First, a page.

Both states with high and low infant mortality have similar birth weight of babies, our analysis found. Uttarakhand (24.7%) had the highest percentage of low birth weight babies in 2015-16, followed by states with high infant mortalities such as Madhya Pradesh (21.9%), Rajasthan (21.4%) Odisha (20.8%) and Uttar Pradesh (20.7%) similar to Goa (22.3%)–which has low infant mortality–and Maharashtra (19.5%).
There are other factors that impact child health. Newborns have better chances of survival if breastfed within the first hour of birth, as this UNICEF report says: “When breastfeeding is delayed after birth, the consequences can be life-threatening and the longer newborns are left waiting, the greater the risk.”
Only one in four babies born in Uttar Pradesh and 28.4% of babies in Rajasthan were breastfed within an hour of birth, NFHS data from 2015-16 show. Both these states have high IMR.
In Kerala (63.3%), Goa (75.4%) and Tamil Nadu (55.4%)–where infant mortality is low–two-three times as many babies were breastfed within an hour as in UP and Rajasthan, which have high IMR. In Gujarat, half the babies were fed within an hour and in Maharashtra 57% were.
Lack of vaccination and malnutrition
More children under two in Tamil Nadu (69.7%) and Goa (88.4%) had received all the basic vaccinations than those in other states that we analysed. The lowest percentage of fully immunised children was in Assam (47.1%), Gujarat (50.4%) and Uttar Pradesh (51.1%). In Rajasthan, 45.2% of the children were not immunised.
Malnutrition was the predominant risk factor for death among children under five years of age in every Indian state in 2017, accounting for 68.2% of total deaths, IndiaSpend reported in September 2019.
At 42%, Bihar accounted for the highest number of stunted children–short for their age–between the ages of zero and four, the Comprehensive National Nutrition Survey report released in October 2019 showed. On average, two in five children in EAG states were stunted. In Kerala (20.5%), Tamil Nadu (19.7%) and Goa (19.6%), one in five children were stunted.
Pneumonia and diarrhoea
Children who are undernourished, do not have access to safe drinking water and sanitation, and are exposed to high indoor air pollution are at risk of contracting pneumonia. Pneumonia can be easily treated with low-cost antibiotics, if diagnosed correctly. Yet, India had the second highest number of pneumonia deaths among children under five years–127,000 deaths–in 2018.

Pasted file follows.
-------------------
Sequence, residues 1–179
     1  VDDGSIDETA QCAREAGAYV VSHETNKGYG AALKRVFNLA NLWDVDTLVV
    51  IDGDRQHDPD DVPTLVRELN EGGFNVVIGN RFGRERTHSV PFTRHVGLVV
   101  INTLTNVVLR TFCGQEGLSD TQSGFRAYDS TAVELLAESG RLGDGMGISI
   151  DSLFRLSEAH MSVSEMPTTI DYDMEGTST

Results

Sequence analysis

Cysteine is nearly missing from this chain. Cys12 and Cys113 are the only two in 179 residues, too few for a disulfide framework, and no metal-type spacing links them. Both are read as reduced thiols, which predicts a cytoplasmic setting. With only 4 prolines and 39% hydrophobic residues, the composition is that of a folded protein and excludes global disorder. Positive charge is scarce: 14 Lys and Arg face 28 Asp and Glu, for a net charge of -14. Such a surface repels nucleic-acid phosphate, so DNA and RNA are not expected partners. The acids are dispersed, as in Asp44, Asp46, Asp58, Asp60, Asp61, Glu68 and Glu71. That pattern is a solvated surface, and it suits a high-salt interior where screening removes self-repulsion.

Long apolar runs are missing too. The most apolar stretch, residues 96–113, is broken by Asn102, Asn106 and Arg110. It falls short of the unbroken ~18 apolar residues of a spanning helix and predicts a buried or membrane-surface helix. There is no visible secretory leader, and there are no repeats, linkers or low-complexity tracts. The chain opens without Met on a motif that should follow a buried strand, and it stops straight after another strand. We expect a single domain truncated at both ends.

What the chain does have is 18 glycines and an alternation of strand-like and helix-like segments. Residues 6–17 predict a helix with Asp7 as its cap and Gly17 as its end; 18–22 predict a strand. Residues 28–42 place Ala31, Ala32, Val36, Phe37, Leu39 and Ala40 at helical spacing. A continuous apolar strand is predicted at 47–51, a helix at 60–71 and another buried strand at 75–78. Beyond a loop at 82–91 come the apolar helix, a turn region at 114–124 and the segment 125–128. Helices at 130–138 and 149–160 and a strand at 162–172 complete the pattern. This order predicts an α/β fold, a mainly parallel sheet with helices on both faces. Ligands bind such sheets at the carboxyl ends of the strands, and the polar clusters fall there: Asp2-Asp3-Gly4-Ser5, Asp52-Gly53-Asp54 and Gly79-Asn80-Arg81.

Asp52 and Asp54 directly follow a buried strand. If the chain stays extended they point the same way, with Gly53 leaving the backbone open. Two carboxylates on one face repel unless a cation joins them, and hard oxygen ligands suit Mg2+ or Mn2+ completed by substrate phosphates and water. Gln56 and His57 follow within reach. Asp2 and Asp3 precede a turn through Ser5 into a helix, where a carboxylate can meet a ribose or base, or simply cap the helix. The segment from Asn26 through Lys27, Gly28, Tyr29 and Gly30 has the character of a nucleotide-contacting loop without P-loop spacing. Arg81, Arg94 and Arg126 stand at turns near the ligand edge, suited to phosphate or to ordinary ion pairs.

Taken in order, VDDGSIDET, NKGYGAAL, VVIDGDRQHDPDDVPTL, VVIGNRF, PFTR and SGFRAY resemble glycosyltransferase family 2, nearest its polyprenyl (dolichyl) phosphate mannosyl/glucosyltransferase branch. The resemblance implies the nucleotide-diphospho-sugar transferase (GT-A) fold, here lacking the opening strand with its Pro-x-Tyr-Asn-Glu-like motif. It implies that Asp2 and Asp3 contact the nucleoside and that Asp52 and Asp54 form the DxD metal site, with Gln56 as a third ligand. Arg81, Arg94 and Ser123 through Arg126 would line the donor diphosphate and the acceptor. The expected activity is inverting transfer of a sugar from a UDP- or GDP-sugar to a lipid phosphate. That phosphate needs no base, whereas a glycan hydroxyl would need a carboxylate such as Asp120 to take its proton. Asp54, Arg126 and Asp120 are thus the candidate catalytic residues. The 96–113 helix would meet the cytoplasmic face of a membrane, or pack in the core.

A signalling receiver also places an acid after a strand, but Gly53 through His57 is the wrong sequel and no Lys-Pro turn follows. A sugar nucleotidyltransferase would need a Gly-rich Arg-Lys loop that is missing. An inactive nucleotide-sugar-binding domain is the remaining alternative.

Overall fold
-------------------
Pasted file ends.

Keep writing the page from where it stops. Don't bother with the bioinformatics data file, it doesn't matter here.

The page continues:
Diarrhoea killed 90,000 children under five in 2017. Yet, only 50.6% of children with diarrhoea received oral rehydration solution (ORS), a simple method of managing diarrhoea, and 20.3% received zinc supplementation, which helps fight diarrhoea. “We don’t need branded ORS packets to be given to children with diarrhoea but clean water with salt and sugar. How many children are getting this?” asked Sinha, the B R Ambedkar college professor.
The rotavirus vaccine, which protects against diarrhoea, has been rolled out countrywide, Livemint reported in August 2019. The current reported coverage is 73% in 41% target population, according to a surveillance report by the World Health Organization (WHO).
However, in the public sector, only six states provide the pneumococcal conjugate vaccine that protects against pneumonia, IndiaSpend reported in November 2018. The current coverage of the vaccine is 44% in 13% of the target population, according to the WHO.
Yadavar is a special correspondent with IndiaSpend/HealthCheck and Shreya Raman is a data analyst with IndiaSpend.